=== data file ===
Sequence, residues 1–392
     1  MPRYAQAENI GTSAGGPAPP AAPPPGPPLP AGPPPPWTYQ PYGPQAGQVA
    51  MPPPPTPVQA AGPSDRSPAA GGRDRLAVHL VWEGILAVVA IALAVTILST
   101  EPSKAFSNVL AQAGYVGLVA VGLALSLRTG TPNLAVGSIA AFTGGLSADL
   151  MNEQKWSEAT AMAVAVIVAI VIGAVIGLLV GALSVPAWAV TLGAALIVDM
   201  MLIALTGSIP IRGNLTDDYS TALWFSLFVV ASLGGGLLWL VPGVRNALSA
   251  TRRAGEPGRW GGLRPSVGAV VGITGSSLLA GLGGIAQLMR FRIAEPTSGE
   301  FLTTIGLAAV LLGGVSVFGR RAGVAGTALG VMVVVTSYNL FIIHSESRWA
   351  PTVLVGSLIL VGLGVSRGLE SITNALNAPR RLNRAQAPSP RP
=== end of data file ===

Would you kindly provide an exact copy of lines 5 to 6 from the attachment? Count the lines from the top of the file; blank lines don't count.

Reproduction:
   151  MNEQKWSEAT AMAVAVIVAI VIGAVIGLLV GALSVPAWAV TLGAALIVDM
   201  MLIALTGSIP IRGNLTDDYS TALWFSLFVV ASLGGGLLWL VPGVRNALSA